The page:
Transporting goods has a carbon cost associated with it, so people want to buy locally. But climate can vary dramatically from one place to another making it tough to get some things locally…that is, unless you can recreate the climate of another area. Think: oranges in Canada. To a small extent, this is what happens with a greenhouse. Here, however, you are creating a greenhouse on a grand scale, one that is carbon neutral and cyclical. It’s a good idea.
Looks like the new TXU is really moving in a green direction. This is what I was looking for, so let’s hope similar news follows in the future. Today TXU Wholesale, a subsidiary of TXU Corp. (NYSE: TXU), announced the purchase of about 209 megawatts of wind power from Airtricity. This will be Airtricity’s third project in Texas and it will use 209 1.0-MW Mitsubishi 1000A turbines. In total, the purchase now brings TXU’s investment in wind to 914 MW (powered by 965 turbines). The farm, known as Roscoe Wind Farm, is currently under construction 45 miles southwest of Abilene, Texas. By my BOE calculations, this news means that the portion of wind in TXU’s total energy portfolio (18,100 MW) is about 5.05%. Five percent of TXU’s energy is generated from wind. It’s not cheap, but this is the direction we need to go. Nice work.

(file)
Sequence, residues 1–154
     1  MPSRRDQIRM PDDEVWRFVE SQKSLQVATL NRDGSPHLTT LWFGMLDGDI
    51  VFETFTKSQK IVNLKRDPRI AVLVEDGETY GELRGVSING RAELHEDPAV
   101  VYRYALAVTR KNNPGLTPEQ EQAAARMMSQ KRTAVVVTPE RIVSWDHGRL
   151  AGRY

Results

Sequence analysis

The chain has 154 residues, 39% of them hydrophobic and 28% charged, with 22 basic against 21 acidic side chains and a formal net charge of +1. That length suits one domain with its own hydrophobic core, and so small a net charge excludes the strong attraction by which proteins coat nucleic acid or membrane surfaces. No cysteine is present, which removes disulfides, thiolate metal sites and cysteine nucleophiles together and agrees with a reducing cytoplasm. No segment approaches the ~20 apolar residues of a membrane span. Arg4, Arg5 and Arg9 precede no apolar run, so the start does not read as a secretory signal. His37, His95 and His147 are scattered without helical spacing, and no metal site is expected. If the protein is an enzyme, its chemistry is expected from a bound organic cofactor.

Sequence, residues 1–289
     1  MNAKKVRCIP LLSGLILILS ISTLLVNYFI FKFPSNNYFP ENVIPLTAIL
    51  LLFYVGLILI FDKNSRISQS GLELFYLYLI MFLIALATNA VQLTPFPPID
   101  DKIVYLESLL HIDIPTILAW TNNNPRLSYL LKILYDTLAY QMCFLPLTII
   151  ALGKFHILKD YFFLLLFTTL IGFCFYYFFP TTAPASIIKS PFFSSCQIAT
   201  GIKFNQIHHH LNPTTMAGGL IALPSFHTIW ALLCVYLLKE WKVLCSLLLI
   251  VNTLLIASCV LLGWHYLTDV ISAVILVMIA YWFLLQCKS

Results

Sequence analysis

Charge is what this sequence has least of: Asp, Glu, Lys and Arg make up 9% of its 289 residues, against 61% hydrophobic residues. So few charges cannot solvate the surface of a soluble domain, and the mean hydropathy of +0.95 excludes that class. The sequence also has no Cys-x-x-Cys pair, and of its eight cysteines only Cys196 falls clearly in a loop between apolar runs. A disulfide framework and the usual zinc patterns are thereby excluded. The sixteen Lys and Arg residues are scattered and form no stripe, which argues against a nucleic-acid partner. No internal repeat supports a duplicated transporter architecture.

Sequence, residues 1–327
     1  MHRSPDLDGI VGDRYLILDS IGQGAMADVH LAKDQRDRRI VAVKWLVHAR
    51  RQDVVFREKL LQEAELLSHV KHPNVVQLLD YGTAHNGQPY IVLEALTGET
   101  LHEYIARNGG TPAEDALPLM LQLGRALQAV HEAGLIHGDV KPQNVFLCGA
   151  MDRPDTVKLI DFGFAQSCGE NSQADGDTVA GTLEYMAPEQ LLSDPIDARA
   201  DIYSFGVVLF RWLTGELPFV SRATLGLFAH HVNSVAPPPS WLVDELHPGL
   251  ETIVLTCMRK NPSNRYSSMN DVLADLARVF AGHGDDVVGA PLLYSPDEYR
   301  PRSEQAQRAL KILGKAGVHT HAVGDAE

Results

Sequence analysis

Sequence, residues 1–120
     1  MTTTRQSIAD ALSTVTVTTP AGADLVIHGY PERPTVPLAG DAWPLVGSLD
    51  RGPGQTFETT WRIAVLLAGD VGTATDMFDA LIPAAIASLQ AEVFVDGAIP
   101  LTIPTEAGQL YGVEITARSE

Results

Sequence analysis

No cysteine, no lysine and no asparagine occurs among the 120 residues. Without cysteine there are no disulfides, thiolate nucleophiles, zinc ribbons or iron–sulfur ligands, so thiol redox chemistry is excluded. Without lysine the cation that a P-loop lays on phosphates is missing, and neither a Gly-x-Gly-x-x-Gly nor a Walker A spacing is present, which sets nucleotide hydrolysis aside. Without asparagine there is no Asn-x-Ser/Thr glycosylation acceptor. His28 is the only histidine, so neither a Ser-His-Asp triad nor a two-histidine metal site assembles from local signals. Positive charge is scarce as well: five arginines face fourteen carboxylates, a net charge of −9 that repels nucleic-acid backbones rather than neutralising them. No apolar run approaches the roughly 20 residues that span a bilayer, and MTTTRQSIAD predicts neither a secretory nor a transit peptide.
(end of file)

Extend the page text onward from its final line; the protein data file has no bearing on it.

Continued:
+$300,000,000 Facility Will Provide Power to TXU [doc][Airtricity]
+TXU Adds to Wind Energy Portfolio with 209-MW Deal [TXU]
The bloggers over at the Practical Environmentalist just bought a non-green building in Dallas for their business, Clean Air Gardening. The 13,000 sf building was built in the 1960s and they have a budget of about $50,000 to make it green. We’re talking LEED, Energy Star, etc., you name it, they want to go green in an economically pragmatic way. I figure we can tap the wisdom of the crowds and find a way to help them out, citizen wisdom style. Feel free to drop your ideas into the comments here, or go over to PE directly and leave a comment. Also, if you’re a Dallas business and want to get involved helping them do their thing, make sure to let them know.
Already, PE seems to have this situation under control. I like that they are signing up with Green Mountain Energy, using low-VOCs inside (good for indoor air quality), replacing old toilets with more water-efficient ones, adding a rainwater cistern to avoid using new water for landscaping, and replacing the door with a more energy-efficient set up. Here are a few additional suggestions I have: